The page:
While you may be an upstanding member of your community and someone who has never done anything more illegal than run a red light, you could still be caught up in a cybercrime (computer-related crime) investigation if you make a mistake.
Most cybercrime investigations are focused internally -- at an organization's employees. While a significant number of threats online come from outside, 48% of security breaches involving cybercrimes involve employees on the "inside."
Here's why you could get blamed for a cybercrime even if you didn't have anything to do with the act:
- You left your account open, and another employee took advantage of your lapse in attention. They committed the breach or theft using your identification.
- Your log-on identification was hacked or obtained via malware and then used to commit the crime.
- A co-worker claims that you were on or near your computer when the data breach or crime occurred.
- False emails, spoof accounts, duplicated IP addresses and more can be used to make it look like you are the guilty party.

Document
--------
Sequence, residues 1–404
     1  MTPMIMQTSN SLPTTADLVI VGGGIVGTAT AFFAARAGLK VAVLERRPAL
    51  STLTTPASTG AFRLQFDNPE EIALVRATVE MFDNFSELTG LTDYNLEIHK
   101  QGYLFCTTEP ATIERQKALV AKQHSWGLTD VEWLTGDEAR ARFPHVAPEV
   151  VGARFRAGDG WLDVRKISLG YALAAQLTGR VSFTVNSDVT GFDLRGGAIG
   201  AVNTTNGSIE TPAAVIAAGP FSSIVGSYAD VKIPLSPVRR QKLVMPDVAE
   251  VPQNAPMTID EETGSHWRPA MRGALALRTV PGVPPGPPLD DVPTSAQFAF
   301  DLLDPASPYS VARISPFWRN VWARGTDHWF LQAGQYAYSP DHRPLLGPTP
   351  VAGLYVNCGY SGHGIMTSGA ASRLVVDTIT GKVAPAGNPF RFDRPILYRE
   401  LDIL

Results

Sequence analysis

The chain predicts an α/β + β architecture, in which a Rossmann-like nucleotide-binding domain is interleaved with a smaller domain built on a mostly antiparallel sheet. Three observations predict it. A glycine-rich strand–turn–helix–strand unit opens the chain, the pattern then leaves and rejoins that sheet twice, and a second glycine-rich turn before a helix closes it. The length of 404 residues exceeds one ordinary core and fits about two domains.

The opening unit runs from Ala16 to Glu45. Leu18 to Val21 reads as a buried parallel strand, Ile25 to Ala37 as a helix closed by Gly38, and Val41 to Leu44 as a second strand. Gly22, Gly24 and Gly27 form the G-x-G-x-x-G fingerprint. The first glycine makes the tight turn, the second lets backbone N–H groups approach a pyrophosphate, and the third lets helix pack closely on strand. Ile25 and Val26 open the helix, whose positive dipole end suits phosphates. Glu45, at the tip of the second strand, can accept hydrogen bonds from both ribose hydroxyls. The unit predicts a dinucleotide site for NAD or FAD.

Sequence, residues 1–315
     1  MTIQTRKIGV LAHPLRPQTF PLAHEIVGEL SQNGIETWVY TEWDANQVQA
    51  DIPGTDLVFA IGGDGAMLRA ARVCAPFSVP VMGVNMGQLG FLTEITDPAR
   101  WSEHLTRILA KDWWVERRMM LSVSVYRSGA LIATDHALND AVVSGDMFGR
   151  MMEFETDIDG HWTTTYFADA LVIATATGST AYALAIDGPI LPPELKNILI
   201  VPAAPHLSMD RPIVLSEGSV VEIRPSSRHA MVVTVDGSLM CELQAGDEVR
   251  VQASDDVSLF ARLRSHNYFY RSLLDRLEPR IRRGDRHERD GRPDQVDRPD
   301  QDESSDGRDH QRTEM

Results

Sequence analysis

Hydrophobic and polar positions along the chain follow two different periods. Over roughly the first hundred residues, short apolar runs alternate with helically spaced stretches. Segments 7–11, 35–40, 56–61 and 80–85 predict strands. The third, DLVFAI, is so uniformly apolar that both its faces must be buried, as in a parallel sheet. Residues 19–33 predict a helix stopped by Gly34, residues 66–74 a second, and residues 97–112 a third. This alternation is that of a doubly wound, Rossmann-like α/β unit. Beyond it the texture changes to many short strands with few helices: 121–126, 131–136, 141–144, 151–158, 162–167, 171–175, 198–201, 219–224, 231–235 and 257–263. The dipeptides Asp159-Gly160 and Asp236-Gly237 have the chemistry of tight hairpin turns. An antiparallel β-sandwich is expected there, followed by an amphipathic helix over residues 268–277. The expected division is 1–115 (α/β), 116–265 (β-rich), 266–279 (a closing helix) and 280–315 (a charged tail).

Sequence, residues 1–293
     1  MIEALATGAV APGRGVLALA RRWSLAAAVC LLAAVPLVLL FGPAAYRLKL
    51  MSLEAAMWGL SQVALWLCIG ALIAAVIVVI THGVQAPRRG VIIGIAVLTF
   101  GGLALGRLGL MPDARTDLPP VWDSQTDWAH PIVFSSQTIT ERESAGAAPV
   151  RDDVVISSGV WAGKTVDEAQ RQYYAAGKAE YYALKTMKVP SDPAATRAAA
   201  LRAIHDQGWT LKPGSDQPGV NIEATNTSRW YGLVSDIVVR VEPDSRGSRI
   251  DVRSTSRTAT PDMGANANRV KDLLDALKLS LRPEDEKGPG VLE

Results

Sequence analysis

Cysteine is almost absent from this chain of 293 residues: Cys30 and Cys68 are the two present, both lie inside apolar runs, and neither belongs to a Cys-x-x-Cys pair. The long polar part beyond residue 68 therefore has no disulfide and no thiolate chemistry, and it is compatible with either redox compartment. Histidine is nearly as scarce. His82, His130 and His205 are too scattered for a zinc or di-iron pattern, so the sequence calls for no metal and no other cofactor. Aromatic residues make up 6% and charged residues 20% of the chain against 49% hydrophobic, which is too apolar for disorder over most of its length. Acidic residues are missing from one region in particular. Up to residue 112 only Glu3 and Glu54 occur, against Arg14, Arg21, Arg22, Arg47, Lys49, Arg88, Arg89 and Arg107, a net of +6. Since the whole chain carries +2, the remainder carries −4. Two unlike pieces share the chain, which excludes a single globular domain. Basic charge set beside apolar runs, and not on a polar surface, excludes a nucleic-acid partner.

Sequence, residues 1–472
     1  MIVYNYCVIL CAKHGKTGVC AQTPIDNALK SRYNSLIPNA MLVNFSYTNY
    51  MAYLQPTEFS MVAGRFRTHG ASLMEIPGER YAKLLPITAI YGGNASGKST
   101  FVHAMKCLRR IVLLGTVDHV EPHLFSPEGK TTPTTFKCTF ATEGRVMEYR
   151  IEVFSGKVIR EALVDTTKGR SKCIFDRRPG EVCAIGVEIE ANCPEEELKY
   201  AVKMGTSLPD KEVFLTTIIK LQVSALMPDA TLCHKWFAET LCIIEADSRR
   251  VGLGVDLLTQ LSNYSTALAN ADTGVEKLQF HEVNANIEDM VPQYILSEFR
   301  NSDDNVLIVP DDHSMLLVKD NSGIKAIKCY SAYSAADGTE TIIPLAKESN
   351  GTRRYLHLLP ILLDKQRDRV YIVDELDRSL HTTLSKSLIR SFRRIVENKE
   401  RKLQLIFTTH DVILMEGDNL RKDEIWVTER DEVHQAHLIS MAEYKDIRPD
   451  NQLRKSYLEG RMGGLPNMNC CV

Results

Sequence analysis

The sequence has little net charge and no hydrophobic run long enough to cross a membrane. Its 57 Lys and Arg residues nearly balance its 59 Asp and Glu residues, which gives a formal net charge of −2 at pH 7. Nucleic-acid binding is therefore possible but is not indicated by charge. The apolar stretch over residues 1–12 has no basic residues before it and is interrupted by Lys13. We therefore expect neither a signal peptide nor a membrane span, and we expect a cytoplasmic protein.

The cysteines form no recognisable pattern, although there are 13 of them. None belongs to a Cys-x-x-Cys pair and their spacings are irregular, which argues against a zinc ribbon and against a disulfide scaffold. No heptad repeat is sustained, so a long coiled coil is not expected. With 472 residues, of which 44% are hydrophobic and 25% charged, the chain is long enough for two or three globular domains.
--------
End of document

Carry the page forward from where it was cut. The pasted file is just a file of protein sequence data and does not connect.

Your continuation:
Many computer crime investigations rely on a combination of forensic and circumstantial evidence. Not all forensic evidence is as ironclad as you might think. Many forensic "investigators" aren't as savvy as the criminals committing cybercrimes and can be fooled or misdirected.
Further, you may be arrested long before anyone has a chance to evaluate the possibility that your identification or computer was hacked -- because the police often don't understand the complexities of computer crimes all that well. They tend to "arrest first" and figure out whether they've made a mistake later.
If you're charged with internet fraud or another computer crime, get experienced legal help right away.